Last week, we discussed how an individual's past relevant work, and their past in general, can have an affect on their Social Security Disability claim. In keeping with the same topic, we'll discuss what happens to an individual's Social Security Disability claim or their disability benefits when they are convicted of a felony offense and sentenced to a time of incarceration.
According to the Social Security Administration, the purpose of disability and medical care to those persons who suffer economic hardship produced by the inability to earn a subsistence level of wages. Prisoners, however, are not subject to identical economic hardships and do not need a continuing source of income because their basic needs are already furnished at public expense. Under Section 404.468 of the Code of Regulations, "No monthly benefits will be paid to any individual for any month any part of which the individual is confined in a jail, prison, or other penal institution or correctional facility for conviction of a felony."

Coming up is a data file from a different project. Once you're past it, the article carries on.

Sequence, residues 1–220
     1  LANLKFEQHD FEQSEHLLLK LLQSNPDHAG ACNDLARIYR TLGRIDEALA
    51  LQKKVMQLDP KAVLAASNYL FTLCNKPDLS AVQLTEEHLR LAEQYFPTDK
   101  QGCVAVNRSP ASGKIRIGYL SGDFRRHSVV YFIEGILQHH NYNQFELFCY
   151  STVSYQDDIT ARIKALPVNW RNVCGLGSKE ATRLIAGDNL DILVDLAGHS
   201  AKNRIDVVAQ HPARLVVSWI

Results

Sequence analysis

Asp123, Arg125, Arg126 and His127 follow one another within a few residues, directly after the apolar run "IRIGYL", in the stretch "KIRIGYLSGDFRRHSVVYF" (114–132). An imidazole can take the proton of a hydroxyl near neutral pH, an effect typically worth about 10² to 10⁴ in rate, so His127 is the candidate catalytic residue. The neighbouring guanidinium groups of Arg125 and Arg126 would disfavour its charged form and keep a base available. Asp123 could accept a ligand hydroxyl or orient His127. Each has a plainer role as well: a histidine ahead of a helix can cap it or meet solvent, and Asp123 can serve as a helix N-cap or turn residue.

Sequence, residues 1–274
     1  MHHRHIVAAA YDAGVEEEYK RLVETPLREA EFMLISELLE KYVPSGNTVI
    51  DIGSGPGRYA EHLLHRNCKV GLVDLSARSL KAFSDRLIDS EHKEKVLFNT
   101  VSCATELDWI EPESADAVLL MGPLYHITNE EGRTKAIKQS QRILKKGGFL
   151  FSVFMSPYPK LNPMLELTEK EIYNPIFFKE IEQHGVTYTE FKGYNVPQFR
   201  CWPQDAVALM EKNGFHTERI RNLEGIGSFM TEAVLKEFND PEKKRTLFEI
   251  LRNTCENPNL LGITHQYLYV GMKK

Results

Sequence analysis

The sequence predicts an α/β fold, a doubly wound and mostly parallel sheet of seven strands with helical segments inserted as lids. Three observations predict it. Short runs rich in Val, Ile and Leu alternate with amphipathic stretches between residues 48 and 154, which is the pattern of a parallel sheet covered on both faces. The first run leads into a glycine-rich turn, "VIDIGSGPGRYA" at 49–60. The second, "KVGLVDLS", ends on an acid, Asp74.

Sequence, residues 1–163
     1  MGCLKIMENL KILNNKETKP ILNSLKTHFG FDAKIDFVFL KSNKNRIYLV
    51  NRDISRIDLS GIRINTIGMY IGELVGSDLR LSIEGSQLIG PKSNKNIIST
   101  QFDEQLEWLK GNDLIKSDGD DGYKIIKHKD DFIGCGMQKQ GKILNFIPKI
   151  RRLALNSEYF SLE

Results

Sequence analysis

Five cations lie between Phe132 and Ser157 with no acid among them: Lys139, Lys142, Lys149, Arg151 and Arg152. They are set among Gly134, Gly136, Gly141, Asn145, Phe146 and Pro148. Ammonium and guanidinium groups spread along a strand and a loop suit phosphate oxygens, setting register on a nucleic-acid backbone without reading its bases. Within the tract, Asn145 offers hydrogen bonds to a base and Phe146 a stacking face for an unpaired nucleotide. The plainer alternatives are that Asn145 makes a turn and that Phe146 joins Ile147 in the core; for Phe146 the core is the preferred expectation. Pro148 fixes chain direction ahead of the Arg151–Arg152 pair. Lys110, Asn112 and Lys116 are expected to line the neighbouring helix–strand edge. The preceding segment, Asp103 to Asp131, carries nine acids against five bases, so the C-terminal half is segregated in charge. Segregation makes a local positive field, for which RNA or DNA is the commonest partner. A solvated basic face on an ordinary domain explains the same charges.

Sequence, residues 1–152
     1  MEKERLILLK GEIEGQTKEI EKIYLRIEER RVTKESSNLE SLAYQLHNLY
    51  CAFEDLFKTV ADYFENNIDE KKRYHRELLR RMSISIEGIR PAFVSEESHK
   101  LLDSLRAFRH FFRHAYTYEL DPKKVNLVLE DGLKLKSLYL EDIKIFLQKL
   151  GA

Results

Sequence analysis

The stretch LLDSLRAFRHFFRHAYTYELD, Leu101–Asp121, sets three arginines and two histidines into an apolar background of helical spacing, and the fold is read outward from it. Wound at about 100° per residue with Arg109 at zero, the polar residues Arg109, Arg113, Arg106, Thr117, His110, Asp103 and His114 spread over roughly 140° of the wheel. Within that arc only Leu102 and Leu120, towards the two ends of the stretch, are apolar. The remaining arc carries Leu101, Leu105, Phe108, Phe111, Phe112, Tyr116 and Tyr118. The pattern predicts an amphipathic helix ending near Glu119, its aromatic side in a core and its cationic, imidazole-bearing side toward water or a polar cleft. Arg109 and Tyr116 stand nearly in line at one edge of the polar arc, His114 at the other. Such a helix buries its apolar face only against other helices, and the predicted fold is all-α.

Essentially, an individual has applied for Social Security Disability benefits that have a past conviction and incarceration on their record is not eligible to receive any back-benefits for the time period in which they were incarcerated. Alternatively, if an individual receiving disability benefits commits and is later convicted of a felony offense, any disability payments they were receiving at the time of their incarceration will stop until such a time as the individual is released.
Both Social Security Disability and Supplemental Security Income payments are subject to termination if an individual is convicted of a felony offense and as a result is sentenced to a period of incarceration. However, in SSD cases, auxiliary benefits, paid to eligible family members- will continue even if the individual is not receiving benefits at the time because of the individual's felony conviction and imprisonment.
The Social Security Administration will accept an application for disability benefits from an individual who is incarcerated. The process and the outcome, however, vary from the norm. If you're a client and have any questions or concerns regarding incarceration and its affect on your Social Security Disability claim, please feel free to leave a comment and let us know!